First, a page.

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Monday, July 25th, 2016

Isolated Coral Reefs Far from Human Activity Are Not Healthier

For the world’s coral reefs, the picture keeps getting gloomier. Although it’s widely assumed that both local and global factors are contributing to their decline, new research from the University of North Carolina at Chapel Hill shows that isolated reefs far from human activities are in fact not healthier than those in more densely populated

Monday, July 25th, 2016

EPA Determines that Aircraft Emissions Contribute to Climate Change Endangering Public Health and the Environment

The U.S. Environmental Protection Agency (EPA) today finalized a determination under the Clean Air Act that greenhouse gas (GHG) emissions from certain types of aircraft engines contribute to the pollution that causes climate change and endangers Americans’ health and the environment. The findings are for carbon dioxide (CO2), methane, nitrous oxide, hydrofluorocarbons (HFCs), perfluorocarbons (PFCs),

Monday, July 25th, 2016

Mapping the Arctic Promotes International Agreement

The Arctic SDI Board, which includes mapping executives from Canada, Kingdom of Denmark, Finland, Iceland, Norway, Russia, Sweden and the United States, recently met in Anchorage, Alaska to further development of a robust Arctic Spatial Data Infrastructure. The Arctic SDI is a cooperation based on a Memorandum of Understanding signed by the eight National Mapping

Thursday, July 14th, 2016

Using Wireless Interface, Operators Control Multiple Drones by Thinking of Various Tasks

A researcher at Arizona State University has discovered how to control multiple robotic drones using the human brain. A controller wears a skull cap outfitted with 128 electrodes wired to a computer. The device records electrical brain activity. If the controller moves a hand or thinks of something, certain areas light up. “I can see

Thursday, July 14th, 2016

There Are So Many Amazonian Tree Species, We Won’t Discover the Last One for 300 Years

There are more different kinds of trees in the Amazon rainforest than anywhere else on earth, but the exact number has long been a mystery. In 2013, scientists estimated that the number of species was around 16,000–no one had ever counted them all up, though. In a new paper in Scientific Reports, the same scientists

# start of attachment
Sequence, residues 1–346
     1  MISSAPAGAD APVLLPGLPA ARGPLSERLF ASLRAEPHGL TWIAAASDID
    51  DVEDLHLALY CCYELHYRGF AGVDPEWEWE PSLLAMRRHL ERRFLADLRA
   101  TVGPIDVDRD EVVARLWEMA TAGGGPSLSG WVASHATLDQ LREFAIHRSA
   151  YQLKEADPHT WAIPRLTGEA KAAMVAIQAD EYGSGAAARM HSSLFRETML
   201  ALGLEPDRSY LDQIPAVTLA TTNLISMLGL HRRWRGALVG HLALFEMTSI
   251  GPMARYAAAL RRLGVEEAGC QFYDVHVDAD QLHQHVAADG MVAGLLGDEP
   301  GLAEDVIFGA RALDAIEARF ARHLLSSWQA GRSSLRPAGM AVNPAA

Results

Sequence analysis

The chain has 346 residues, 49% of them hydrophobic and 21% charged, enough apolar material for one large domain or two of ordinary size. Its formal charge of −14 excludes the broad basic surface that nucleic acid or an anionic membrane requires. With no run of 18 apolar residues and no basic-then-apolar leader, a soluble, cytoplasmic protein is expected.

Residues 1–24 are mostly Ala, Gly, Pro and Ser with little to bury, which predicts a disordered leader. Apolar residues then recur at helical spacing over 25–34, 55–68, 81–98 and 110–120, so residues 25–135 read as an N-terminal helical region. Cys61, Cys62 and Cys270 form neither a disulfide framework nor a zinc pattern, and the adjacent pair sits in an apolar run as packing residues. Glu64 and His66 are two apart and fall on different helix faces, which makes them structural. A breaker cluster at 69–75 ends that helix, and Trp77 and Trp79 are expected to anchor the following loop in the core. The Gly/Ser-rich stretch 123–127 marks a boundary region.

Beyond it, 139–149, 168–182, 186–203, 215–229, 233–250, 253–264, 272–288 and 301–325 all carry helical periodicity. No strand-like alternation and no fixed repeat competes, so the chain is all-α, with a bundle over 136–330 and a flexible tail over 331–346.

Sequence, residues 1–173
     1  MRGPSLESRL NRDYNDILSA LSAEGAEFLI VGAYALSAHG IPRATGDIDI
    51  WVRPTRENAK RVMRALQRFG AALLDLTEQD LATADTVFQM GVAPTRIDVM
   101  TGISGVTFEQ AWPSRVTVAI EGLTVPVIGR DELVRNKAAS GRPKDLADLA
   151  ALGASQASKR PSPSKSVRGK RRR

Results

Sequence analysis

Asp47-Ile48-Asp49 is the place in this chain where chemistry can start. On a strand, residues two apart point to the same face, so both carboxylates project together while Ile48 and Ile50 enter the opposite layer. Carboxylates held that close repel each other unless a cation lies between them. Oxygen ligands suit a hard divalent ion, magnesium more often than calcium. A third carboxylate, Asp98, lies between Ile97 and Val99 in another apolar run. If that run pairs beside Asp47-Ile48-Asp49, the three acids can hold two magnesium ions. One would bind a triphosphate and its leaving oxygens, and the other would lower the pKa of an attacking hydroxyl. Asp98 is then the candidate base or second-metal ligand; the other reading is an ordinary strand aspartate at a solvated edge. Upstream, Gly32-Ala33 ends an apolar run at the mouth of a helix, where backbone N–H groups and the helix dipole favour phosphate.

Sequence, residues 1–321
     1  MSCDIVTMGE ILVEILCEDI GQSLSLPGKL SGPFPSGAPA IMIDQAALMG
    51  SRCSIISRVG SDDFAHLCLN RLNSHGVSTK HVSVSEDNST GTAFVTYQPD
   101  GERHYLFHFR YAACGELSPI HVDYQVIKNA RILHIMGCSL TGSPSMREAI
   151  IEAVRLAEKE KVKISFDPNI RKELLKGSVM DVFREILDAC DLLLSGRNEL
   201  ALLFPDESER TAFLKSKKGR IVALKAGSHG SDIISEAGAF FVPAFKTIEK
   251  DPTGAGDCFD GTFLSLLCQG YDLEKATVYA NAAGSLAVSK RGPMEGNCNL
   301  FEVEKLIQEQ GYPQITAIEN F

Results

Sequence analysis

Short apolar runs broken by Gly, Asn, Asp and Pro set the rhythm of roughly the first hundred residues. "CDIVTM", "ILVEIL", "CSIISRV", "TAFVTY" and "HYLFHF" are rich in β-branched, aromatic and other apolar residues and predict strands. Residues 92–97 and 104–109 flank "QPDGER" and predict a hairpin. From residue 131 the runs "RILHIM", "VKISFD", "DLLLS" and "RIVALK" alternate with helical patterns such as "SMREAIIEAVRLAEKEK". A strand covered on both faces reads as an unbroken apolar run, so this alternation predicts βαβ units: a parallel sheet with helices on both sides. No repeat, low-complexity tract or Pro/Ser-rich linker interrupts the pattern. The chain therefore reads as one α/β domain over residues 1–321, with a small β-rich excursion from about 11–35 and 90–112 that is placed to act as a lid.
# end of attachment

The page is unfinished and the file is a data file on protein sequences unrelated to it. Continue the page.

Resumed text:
Thursday, July 14th, 2016

FAU’s I-SENSE and Dioxide Materials Partner on Novel Sensors for Heating, Ventilation and AC Applications

Just as the summer is heating up, Florida Atlantic University’s Institute for Sensing and Embedded Network Systems Engineering (I-SENSE) and Dioxide Materials™ have formed a unique partnership to develop and evaluate a novel low-cost, low-power, wireless CO2 sensing system for heating, ventilation and air-conditioning (HVAC) applications. The technology that emerges from this joint project will

Wednesday, July 13th, 2016

Urban Dwellers Drive Massive Deforestation Locally and Abroad

Washington, D.C.—Urban centers lie at the root of an important—and often neglected—source of emissions: deforestation. According to Senior Researcher Tom Prugh in Can a City Be Sustainable?, the latest edition of the annual State of the World series from the Worldwatch Institute, deforestation caused by growing urban consumption is contributing to massive emissions globally, despite increasing sustainability efforts

Tuesday, July 12th, 2016

Velodyne LiDAR Announces Partnership Agreement with Dibotics

MORGAN HILL, Calif., July 12, 2016— Aiming squarely at the emerging markets of drone mapping and mobile robotics, Velodyne LiDAR today announced a partnership agreement with Dibotics,  a Paris-based pioneer in GPS-denied and infrastructure-less navigation. Under the agreement, Dibotics will provide consulting services to Velodyne LiDAR customers who require 3D SLAM software, while Velodyne will assist Dibotics

Tuesday, July 12th, 2016

Climate Tipping Points: What Do They Mean for Society?

The phrase “tipping point” passed its own tipping point and caught fire after author Malcolm Gladwell’s so-named 2000 book. It’s now frequently used in discussions about climate change, but what are “climate tipping points”? And what do they mean for society and the economy? Scientists at Rutgers University and Harvard University tackle the terminology and

Monday, July 11th, 2016

Climate Change is Affecting North American Fish

Climate change is already affecting inland fish across North America — including some fish that are popular with anglers. Scientists are seeing a variety of changes in how inland fish reproduce, grow, and where they can live, according to four new studies published this week in a special issue of Fisheries magazine. “Thanks to this synthesis,

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